Turkey: The Board published the reasoned decision on the preliminary investigation against Ecocaps, Ferm and Tuborg

Last Updated: 27 May 2016
Practice Guide by ELIG, Attorneys-at-Law

The Board published the reasoned decision on the preliminary investigation against Ecocaps, Ferm and Tuborg (10.02.2016, 16-04/69-27)

The Turkish Competition Board (“Board”) published the reasoned decision on the preliminary investigation against ECOCAPS’s S.R.L Socio Unico (“Ecocaps”), Ferm Endüstriyel Cihazlar ve Elektronik Sanayi ve Ticaret A.Ş (“Ferm”) and Türk Tuborg Bira ve Malt Sanayi A.Ş. (“Tuborg”) following Anadolu Efes Biracılık ve Malt Sanayi A.Ş.’s (“Efes”) complaints mainly indicating that the exclusivity provision in the contract concluded between Ecocaps and Tuborg (i.e. Ecocaps’s exclusive supply obligation to Tuborg in Turkey) hampers the competition between Efes and Tuborg and is against Article 4 of Law No. 4054 on the Protection of Competition (“Law No. 4054”), which prohibits agreements and concerted practices between undertakings that have an object and/or an effect of restricting the competition in the relevant markets.

Ecocaps is an undertaking operating in the market for hygienic cap packaging/protection systems. Tuborg is active in the production and sale of beer. Ferm is active in farm machinery imports, establishment of medicine production facilities and sales of machinery for bottling and packaging systems. Ferm is the distributor of Ecocaps’s hygienic cap and packaging machinery and supplies Tuborg the relevant products in Turkey. The cap packaging/protection systems in scope of the allegations are used for the purpose of preventing contamination that might occur on the surface of canned beverages at different levels supply chain until the product is delivered to the end user/customer. The aim of these systems is preserving the hygiene of the cap area that the consumers come into contact with while the products are being consumed.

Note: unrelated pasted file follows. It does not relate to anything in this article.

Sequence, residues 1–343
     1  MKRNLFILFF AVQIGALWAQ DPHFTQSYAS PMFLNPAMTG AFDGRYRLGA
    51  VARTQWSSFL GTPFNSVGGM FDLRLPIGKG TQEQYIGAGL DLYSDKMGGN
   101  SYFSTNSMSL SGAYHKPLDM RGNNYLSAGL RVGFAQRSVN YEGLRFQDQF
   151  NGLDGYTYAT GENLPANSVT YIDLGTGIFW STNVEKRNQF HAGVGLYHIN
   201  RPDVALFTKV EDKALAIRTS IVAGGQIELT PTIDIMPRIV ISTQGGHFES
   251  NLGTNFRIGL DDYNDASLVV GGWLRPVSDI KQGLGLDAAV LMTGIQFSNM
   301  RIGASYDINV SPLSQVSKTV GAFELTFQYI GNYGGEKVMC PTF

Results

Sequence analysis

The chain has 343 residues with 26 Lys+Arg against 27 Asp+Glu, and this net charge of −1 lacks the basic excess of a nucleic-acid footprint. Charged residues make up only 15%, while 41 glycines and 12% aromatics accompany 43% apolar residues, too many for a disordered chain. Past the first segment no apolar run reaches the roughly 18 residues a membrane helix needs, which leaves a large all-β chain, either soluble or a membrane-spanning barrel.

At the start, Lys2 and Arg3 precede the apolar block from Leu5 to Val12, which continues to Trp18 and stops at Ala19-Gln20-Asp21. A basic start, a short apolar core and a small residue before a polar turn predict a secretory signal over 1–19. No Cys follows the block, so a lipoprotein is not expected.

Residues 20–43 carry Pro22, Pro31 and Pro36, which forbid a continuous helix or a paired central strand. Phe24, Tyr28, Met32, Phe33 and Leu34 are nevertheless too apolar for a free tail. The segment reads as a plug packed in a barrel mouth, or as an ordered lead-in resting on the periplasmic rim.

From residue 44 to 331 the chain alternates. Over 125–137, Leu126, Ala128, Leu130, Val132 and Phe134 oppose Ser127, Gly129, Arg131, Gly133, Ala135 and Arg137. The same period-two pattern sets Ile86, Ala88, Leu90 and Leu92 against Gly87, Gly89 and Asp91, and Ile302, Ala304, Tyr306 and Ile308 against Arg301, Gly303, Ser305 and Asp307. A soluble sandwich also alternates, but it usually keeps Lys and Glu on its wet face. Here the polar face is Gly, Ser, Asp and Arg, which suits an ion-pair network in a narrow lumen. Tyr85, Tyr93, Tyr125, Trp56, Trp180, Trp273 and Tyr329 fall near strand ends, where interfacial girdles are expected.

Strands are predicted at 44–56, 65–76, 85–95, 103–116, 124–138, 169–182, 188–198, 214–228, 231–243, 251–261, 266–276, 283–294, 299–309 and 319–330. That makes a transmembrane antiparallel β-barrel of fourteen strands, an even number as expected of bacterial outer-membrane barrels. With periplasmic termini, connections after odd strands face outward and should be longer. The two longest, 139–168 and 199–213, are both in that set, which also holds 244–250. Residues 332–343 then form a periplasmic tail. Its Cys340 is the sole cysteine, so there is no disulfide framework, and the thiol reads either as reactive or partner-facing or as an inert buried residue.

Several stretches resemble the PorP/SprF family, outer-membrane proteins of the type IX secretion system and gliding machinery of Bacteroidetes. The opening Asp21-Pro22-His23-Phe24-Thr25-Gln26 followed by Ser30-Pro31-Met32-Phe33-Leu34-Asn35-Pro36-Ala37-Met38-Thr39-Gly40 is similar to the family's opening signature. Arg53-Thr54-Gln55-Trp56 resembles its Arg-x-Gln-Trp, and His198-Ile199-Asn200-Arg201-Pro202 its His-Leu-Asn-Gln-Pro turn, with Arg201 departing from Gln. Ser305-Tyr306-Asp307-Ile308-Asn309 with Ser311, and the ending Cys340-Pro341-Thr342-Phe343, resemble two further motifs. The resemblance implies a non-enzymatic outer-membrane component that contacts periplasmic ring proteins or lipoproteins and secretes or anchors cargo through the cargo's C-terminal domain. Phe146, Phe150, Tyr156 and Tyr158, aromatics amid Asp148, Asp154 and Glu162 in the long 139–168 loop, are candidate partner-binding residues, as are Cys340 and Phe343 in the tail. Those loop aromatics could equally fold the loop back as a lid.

In scope of the preliminary investigation, the Board looked into the cap packaging/protection systems market and gathered information about the undertakings active in the market, i.e. Ecocaps, Krones and Pactech, two of which manufacture aluminum caps (Ecocaps and Krones) and one manufactures plastic caps. The Board then moved on to the Turkish beer market, which was described as a “duopoly” with two local undertakings, Efes and Tuborg, and imports around 1%. The Board analyzed the structure of both the overall beer market and the canned beer market, as Tuborg used Ecopcaps’s products for canned beer. The Board found that since January 2014, the market share of Efes has been decreasing in the overall beer market, even though it still holds a strong position in the market, whereas the market share of Tuborg has been increasing. On the other hand, when the Board put the canned beer market under the microscope, to analyze the effects of the cap packaging/protection systems in the canned beer market, it found that Tuborg’s market share had decreased, whereas Efes had increased its share (actual shares not disclosed). The Board also observed that the beer market has been growing. Furthermore, to understand the characteristics and use of cap packaging/protection systems, the investigation team conducted interviews with various players active in the production and sales of canned beverages, including Tuborg.